Your guide to philosophy
At its most basic level, philosophy is the study of wisdom. In fact, the word itself derives from the Greek word for wisdom. However, it is not the study of all things, despite it having this connotation some time ago. Modern philosophy is now regarded as the pursuit of answers to the most fundamental human questions. In this regard, of course, it is often compared to religion. Typically, philosophers will pose questions on subjects like existence, values, the mind, will and language - among others – which they then attempt to answer. Some philosophers specialise in critical questioning, whereas others focus on rational argument. Others still develop their ideas through group discussions. Various branches of philosophy also exist, such as metaphysics, ethics, political philosophy and logic, to name but a few.
How can philosophy help us?
Anyone who wants to answer some of the deepest questions that are posed by philosophy should read the great works of philosophers in order to gain a better understanding. You may not agree with the philosopher's point of view, but it certainly helps to promote your own thoughts. After all, in every age philosophers have sought to build on the work of their forbears either to repudiate earlier held ideas or to reinforce them. Some aspects of philosophy have direct applications, too. The computer pioneer, Alan Turing, was also a philosopher who imagined thinking machines, something we all take for granted nowadays.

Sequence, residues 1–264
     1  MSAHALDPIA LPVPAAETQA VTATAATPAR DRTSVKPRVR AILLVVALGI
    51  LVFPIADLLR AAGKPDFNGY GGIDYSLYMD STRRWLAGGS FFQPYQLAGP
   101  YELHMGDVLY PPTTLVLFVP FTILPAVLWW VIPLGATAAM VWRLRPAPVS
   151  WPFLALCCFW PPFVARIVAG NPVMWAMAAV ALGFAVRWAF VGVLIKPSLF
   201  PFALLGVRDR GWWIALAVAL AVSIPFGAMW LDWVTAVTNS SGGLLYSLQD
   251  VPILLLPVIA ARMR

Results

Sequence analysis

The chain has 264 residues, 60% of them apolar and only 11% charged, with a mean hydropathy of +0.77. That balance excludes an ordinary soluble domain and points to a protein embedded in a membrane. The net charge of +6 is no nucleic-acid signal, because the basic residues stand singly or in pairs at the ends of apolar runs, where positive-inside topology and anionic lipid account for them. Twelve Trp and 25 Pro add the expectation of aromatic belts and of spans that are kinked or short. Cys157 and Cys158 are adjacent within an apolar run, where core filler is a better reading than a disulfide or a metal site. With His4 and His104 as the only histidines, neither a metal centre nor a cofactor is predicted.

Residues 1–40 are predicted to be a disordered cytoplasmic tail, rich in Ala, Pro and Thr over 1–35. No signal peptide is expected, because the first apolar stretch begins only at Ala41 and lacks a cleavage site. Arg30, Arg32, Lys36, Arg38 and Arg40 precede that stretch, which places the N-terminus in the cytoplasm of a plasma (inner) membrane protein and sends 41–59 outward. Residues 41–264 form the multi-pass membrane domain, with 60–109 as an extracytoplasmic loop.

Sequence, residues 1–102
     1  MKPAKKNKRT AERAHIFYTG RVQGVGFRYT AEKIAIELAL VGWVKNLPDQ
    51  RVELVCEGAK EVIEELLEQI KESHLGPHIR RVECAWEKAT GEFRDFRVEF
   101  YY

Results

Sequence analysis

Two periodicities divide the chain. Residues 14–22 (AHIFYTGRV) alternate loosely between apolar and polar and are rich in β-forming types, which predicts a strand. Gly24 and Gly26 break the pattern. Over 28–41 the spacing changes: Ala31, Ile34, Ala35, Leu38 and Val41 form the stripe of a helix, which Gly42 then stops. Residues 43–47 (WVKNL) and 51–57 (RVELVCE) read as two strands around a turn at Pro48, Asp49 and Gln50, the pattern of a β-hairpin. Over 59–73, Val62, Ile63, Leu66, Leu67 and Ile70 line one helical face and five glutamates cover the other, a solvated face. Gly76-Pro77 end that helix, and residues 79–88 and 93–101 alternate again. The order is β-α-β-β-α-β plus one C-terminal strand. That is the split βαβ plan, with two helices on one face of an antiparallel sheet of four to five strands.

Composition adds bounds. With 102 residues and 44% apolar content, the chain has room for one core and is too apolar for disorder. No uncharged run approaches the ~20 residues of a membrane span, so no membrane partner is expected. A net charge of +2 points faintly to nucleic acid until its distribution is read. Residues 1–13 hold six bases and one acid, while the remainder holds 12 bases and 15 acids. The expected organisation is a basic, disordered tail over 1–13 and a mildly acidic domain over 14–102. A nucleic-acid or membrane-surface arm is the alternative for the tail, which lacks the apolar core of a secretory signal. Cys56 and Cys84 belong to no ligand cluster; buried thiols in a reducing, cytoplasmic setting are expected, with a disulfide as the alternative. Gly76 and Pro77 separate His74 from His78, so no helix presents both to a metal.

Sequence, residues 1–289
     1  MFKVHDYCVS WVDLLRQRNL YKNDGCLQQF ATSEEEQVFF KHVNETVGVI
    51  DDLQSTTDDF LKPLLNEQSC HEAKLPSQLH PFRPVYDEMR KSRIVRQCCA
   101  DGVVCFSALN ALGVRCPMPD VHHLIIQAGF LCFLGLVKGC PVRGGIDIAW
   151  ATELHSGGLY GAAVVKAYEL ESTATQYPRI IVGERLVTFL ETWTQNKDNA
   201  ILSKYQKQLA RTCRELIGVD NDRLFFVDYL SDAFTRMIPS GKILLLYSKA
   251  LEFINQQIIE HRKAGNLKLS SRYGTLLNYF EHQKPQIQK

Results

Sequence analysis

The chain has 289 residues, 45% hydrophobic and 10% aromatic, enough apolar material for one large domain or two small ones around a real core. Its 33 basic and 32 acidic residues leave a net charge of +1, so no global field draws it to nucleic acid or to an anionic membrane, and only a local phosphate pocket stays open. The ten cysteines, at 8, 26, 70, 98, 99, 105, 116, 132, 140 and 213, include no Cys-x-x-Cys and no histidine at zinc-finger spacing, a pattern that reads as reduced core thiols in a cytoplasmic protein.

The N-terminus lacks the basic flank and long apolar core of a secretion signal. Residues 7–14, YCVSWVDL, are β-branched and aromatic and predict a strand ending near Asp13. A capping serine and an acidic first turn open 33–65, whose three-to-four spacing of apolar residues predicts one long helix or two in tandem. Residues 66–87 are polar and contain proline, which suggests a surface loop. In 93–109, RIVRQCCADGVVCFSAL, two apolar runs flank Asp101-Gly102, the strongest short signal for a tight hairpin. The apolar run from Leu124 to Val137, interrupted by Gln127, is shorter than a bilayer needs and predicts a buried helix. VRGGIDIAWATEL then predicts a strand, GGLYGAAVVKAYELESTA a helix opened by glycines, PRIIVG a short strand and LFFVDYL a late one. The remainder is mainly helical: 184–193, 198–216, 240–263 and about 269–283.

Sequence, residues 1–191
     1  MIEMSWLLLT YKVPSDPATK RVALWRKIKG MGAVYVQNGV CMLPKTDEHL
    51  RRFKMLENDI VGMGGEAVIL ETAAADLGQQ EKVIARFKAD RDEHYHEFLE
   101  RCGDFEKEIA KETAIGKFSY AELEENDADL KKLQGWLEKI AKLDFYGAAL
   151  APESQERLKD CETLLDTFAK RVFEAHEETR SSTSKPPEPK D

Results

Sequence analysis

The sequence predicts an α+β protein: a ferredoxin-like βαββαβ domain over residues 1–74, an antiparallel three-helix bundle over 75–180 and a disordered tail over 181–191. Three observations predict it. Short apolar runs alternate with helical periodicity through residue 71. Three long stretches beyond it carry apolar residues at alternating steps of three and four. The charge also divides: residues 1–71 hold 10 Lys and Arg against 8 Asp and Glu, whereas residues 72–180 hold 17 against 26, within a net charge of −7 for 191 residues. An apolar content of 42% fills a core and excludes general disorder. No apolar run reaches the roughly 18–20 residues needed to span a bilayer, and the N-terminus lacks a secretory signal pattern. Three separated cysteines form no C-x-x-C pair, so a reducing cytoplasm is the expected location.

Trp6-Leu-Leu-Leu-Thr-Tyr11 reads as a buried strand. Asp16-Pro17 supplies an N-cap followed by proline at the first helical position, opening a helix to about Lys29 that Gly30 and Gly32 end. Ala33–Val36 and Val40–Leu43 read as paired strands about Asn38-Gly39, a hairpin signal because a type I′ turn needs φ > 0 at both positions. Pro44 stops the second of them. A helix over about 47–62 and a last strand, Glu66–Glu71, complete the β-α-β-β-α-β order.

Where did philosophy begin?
Although western philosophy began in ancient Greece with famous names such as Aristotle, Plato and Socrates among the best-known, there are separate philosophic traditions from elsewhere. Branches of philosophy developed in ancient Egypt and Mesopotamia, for example. Early forms also sprang up in India, notably among the early proponents of Buddhism and Jainism. In addition, there are eastern traditions which grew up in China, Korea and Japan. Increasingly, there are studies into the philosophies of native Americans these days, too, such as those associated with the people of the Aztec empire.
Can philosophy replace religion?
In many situations, religions have used philosophic arguments to make their case. This is certainly the case in the Christian religion where the knowledge of Greek philosophers has, in certain respects, been incorporated into some Christian explanations of the world. The same is true, to some extent or other, in many of the other great world religions. As such, philosophy should be seen as a part of religion rather than being a distinct entity that will one day replace it entirely.
Why does philosophy remain important?
People have been asking themselves big questions about their existence since they first gathered around a fireside and wondered at the stars. Unless and until humans work out the answers to all of nature, it is highly likely that philosophy will remain a useful tool for coming up with answers to such questions in the absence of scientifically provable truths. After all, scientific methodologies are, themselves, built upon philosophical principles.